1. It is not easy to understand and calculate.
2. It gives more weight to the extremes and less to the items nearer to the mean, since the squares of the deviations of bigger sizes would be proportionately greater than that which are comparatively small. The deviations 2 and 6 are in the ratio of 1 : 3 but their squares 4 and 36 would be in the ratio of 1 : 9.

Uses of Standard Deviation : It is best measure of dispersion, and should be used wherever possible.

The document Coefficient of Variation - Measures of Dispersion, Business Mathematics & Statistics | Business Mathematics and Statistics - B Com is a part of the B Com Course Business Mathematics and Statistics.
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## FAQs on Coefficient of Variation - Measures of Dispersion, Business Mathematics & Statistics - Business Mathematics and Statistics - B Com

 1. What is the coefficient of variation and how is it calculated? The coefficient of variation is a statistical measure that is used to measure the relative variability or dispersion of a dataset. It is calculated by dividing the standard deviation of the dataset by the mean of the dataset and then multiplying the result by 100 to express it as a percentage.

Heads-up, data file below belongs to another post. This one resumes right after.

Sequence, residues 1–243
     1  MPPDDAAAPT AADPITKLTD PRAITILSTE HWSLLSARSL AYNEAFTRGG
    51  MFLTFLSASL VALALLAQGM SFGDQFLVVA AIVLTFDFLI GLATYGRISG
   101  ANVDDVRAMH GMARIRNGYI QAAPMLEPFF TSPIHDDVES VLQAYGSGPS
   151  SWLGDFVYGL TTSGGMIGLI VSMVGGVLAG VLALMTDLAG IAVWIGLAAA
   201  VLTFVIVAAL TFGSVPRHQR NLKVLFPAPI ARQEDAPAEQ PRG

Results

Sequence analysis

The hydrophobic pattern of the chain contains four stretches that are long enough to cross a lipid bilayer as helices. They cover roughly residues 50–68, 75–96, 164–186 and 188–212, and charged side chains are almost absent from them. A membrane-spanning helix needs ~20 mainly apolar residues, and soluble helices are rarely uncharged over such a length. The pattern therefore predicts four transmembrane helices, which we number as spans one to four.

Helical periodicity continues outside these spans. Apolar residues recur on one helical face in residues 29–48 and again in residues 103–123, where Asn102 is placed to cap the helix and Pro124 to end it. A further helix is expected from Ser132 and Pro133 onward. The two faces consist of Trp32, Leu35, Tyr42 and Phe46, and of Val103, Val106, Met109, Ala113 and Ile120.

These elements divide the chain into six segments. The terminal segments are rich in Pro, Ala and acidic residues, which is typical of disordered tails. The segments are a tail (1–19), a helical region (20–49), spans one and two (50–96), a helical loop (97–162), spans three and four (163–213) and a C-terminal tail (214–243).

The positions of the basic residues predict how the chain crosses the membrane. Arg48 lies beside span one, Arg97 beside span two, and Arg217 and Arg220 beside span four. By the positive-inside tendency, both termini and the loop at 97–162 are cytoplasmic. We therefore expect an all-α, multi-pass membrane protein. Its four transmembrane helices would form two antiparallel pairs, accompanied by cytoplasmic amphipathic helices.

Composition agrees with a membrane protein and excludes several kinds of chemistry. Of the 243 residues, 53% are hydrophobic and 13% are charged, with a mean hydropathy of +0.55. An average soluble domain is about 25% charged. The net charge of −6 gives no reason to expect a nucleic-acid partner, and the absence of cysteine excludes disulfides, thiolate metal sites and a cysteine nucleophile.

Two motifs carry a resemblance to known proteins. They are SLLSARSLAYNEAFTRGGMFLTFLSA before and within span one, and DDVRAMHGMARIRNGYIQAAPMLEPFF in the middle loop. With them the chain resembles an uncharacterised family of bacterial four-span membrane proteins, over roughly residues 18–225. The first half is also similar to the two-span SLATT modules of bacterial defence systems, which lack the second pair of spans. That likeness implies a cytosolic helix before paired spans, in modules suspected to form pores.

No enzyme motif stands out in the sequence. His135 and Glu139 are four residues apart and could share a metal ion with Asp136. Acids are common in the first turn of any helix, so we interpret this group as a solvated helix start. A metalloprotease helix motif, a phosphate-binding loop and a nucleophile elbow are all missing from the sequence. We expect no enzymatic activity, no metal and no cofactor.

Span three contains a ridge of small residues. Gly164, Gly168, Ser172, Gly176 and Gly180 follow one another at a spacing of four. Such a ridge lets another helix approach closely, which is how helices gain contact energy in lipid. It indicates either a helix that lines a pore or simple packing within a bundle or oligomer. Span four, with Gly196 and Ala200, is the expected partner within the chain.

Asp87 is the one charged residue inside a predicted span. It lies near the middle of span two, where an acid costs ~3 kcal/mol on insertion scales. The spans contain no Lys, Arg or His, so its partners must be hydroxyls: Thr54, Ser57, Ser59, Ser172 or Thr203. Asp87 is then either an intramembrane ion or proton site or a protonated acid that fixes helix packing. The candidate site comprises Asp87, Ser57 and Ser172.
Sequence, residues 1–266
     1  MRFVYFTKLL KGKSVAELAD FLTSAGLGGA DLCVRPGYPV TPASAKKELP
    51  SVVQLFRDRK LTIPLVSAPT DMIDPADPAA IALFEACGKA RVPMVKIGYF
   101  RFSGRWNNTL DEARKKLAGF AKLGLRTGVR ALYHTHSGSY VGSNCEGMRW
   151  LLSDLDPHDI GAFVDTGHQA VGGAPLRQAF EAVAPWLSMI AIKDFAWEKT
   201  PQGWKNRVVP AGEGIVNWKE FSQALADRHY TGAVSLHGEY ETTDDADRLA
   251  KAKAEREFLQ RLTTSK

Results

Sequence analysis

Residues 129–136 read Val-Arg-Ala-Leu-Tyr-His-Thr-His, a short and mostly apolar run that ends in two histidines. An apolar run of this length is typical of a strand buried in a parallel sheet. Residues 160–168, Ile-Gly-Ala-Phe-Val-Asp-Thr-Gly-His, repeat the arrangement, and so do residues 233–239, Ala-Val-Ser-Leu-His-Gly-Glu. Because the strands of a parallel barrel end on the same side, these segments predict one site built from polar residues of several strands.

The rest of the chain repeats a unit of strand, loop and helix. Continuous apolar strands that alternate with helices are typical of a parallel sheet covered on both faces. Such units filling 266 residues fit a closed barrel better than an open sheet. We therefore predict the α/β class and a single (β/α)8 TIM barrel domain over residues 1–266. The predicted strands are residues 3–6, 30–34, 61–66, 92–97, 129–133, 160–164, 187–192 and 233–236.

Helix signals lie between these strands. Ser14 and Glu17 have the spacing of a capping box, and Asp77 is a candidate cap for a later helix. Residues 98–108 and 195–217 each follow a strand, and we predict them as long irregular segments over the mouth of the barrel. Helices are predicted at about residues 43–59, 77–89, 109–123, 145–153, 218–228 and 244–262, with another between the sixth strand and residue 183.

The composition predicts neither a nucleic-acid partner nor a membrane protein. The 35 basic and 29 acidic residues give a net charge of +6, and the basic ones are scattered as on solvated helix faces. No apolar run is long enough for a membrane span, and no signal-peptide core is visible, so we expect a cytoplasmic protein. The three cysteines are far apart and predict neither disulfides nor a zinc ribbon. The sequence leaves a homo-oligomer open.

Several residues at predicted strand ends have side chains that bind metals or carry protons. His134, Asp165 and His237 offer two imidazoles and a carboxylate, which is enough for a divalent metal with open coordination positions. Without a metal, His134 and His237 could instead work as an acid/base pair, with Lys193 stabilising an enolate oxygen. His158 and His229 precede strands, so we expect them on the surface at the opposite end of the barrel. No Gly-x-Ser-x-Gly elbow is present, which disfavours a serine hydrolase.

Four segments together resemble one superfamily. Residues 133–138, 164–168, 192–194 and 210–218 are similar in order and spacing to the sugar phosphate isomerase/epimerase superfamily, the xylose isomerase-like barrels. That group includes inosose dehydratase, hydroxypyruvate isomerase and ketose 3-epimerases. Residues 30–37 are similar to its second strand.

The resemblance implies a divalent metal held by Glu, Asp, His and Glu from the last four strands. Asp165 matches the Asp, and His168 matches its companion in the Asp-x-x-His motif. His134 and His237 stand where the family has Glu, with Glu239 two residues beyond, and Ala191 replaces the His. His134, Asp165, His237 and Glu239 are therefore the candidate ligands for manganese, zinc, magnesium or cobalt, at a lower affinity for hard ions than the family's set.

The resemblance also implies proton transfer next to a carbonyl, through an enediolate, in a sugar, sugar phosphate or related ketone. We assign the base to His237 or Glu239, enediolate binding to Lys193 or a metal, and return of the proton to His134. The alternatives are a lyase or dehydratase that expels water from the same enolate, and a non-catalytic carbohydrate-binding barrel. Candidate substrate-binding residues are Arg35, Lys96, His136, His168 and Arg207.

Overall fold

2. How is the coefficient of variation useful in business and statistics? The coefficient of variation is useful in business and statistics as it provides a standardized measure of variability that allows for the comparison of different datasets with different units of measurement. It is particularly useful when comparing datasets with different means, as it allows for a better understanding of the relative variability between them.
 3. What does a high coefficient of variation indicate? A high coefficient of variation indicates a high degree of variability or dispersion in the dataset. This means that the individual data points in the dataset are spread out over a wide range of values in relation to the mean. It suggests that there is a greater degree of volatility or uncertainty associated with the dataset.
 4. Can the coefficient of variation be negative? No, the coefficient of variation cannot be negative. Since it is calculated by dividing the standard deviation by the mean and multiplying by 100, it will always be a positive value. If the standard deviation is zero or the mean is zero, the coefficient of variation will be undefined rather than negative.
 5. How can the coefficient of variation be used to compare the variability of different datasets? The coefficient of variation can be used to compare the variability of different datasets by calculating it for each dataset and then comparing the values. A lower coefficient of variation indicates a lower degree of variability, while a higher coefficient of variation indicates a higher degree of variability. By comparing the coefficients of variation, one can determine which dataset has a greater or lesser degree of dispersion.